Trump is championing an agenda of religious nationalism. Along with key White House staffers like Stephen Bannon, he believes America represents a set of values, rooted in the country’s religious identity. While there’s little evidence that Trump himself is religiously devout, he has benefited from affiliations with largely white evangelical leaders such as Jerry Falwell Jr.
During his speech, Trump argued that America’s religiously grounded values are being attacked—not just through acts of violence, but through ideological erosion. “We will not allow a beachhead of intolerance to spread in our nation,” Trump said on Thursday, seeming to refer to the “radical Islamic extremism” he has emphasized in past speeches. “You look all over the world and see what’s happening.” He will defend these values, he said, because “that’s what people want: one beautiful nation under God.”
America was not always “one nation under God”—at least, not officially. The words “under God” weren’t added to the pledge of allegiance until 1954, during the presidency of Dwight Eisenhower—not coincidentally, the first president to convene the National Prayer Breakfast. Over time, this relatively new tradition has become a mandatory exercise for commanders in chief; and during the breakfast this year, Trump specifically praised Eisenhower for kicking it off.
In many ways, Trump’s vision of religious nationalism is a continuation of Republican presidents before him. In an interview in August, the Princeton University professor Kevin Kruse pointed out that Trump’s religious rhetoric more closely resembles Nixon’s than Eisenhower’s: “He used it to justify the extent of the Vietnam War and Cambodia; he used it to advance all sorts of Silent Majority proposals before Congress,” Kruse told me. “That’s what you see in Trump today: It’s much more of a defensive pushback against people who are seen as outside one nation under God.”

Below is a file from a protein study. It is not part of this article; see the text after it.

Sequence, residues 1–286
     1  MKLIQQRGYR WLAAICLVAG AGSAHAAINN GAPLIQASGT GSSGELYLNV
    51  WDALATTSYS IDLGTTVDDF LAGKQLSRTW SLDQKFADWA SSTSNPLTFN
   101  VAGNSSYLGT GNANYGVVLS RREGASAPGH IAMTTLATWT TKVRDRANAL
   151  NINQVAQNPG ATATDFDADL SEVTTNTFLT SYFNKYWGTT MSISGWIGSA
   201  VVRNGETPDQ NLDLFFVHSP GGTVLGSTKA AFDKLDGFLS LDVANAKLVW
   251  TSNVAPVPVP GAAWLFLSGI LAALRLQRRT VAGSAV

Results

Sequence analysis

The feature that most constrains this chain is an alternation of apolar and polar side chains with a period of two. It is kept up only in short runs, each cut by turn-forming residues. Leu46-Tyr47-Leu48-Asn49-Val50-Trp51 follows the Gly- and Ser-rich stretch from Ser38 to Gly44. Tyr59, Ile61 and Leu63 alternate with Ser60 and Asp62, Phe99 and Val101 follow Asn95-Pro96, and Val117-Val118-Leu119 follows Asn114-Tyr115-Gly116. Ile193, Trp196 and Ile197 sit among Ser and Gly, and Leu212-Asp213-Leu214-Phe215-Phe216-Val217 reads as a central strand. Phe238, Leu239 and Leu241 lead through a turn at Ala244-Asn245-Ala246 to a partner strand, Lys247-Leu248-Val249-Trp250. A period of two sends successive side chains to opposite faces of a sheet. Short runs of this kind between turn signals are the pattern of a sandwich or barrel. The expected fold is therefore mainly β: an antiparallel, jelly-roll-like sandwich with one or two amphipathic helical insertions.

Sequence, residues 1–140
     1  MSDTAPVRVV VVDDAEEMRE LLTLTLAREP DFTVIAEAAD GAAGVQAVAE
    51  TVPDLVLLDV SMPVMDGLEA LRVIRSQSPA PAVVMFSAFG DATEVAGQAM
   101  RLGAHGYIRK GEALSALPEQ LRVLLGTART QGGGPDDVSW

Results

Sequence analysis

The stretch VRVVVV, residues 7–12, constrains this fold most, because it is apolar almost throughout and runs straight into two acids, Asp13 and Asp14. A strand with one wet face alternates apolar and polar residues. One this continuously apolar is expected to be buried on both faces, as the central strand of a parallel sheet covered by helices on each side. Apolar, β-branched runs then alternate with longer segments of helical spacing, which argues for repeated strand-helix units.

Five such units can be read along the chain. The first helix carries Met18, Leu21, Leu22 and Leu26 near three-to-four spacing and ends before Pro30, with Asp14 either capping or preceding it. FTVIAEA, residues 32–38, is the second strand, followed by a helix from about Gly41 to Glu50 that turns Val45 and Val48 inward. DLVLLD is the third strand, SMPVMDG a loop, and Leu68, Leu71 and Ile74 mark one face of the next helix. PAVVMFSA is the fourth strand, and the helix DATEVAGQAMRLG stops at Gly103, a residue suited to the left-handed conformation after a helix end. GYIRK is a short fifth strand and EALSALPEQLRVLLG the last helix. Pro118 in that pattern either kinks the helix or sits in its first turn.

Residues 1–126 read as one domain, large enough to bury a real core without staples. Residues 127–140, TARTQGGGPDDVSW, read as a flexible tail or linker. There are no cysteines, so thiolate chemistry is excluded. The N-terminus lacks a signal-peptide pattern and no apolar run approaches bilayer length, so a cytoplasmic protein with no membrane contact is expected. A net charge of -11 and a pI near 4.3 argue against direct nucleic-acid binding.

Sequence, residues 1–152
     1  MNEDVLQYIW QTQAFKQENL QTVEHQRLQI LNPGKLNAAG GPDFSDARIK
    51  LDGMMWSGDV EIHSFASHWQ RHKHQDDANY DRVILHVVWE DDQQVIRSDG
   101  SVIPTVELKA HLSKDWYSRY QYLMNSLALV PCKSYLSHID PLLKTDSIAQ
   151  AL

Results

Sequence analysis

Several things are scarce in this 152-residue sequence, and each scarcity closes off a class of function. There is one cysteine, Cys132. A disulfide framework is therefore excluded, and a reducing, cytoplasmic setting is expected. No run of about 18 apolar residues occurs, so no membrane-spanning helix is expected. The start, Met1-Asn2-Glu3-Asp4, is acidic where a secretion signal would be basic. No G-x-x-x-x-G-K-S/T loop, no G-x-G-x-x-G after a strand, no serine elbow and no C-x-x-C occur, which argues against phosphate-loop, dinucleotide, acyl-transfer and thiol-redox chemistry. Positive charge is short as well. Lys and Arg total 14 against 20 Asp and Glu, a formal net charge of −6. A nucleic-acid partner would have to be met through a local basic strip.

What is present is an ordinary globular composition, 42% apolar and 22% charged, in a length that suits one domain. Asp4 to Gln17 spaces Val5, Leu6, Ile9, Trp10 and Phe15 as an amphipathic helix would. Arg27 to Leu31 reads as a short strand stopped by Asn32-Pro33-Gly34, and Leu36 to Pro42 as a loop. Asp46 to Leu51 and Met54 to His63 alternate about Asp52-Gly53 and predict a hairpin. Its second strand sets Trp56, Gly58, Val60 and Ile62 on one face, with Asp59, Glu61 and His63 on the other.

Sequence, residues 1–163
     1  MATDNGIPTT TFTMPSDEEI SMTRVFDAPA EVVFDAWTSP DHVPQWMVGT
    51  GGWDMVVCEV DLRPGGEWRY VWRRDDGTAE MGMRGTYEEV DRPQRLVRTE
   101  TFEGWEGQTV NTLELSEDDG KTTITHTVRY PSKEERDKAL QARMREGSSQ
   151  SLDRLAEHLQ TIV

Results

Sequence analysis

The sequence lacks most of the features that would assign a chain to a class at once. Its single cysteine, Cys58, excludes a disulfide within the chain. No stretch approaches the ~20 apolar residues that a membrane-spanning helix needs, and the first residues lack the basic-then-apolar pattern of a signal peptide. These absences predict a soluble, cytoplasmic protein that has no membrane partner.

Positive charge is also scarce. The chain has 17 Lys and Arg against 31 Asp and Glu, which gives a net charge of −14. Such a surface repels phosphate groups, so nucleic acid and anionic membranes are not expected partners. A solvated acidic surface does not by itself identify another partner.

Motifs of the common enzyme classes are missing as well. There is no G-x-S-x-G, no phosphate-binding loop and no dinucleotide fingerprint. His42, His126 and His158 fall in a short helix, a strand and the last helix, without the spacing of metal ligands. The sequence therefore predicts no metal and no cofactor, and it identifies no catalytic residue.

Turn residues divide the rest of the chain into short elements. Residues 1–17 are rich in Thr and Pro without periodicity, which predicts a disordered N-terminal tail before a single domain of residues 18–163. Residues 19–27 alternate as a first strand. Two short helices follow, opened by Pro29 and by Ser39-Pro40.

This echoes recent findings of the Pew Research Center on Americans’ sense of their own national identity. While only a third of Americans believe being Christian is a very important part of being American, the numbers are split neatly along party and denominational lines: 43 percent of Republicans were likely to say that’s the case, compared to 29 percent of Democrats, and 57 percent of white evangelical Protestants said the same. Trump’s message seems to be directed toward these groups: He is affirming their sense of the tie between national and religious identity, and pushing back against those who would diminish either of those identities.
And he’s doing this through fear. In his comments at the prayer breakfast, Trump gave a graphic description of Christians being murdered overseas: “They cut off the heads, they drown people in steel cages,” he said. He also spoke “peace-loving Muslims brutalized, victimized, murdered and oppressed by ISIS killers,” and the threats against the Jewish people. He was inclusive in his description of those who are under threat, for the sake of emphasizing the need for fear: “We have seen unimaginable violence carried out in the name of religion,” he said, “acts of wanton abuse of minorities, horrors on a scale that defy description.” The fundamental threat to religious freedom, he said, is terrorism.
While Trump has often spoken about the need for safety and security, his comments at the prayer-breakfast offer a look at the ideological framework beneath that call. Like his Republican predecessors, he has aligned himself with a vision of America that is strong and powerful because of its piety. Against the threat of foreigners, terrorists, and corrupting ideologies, the United States will be one, beautiful nation—and in Trump’s view, that’s only possible under God.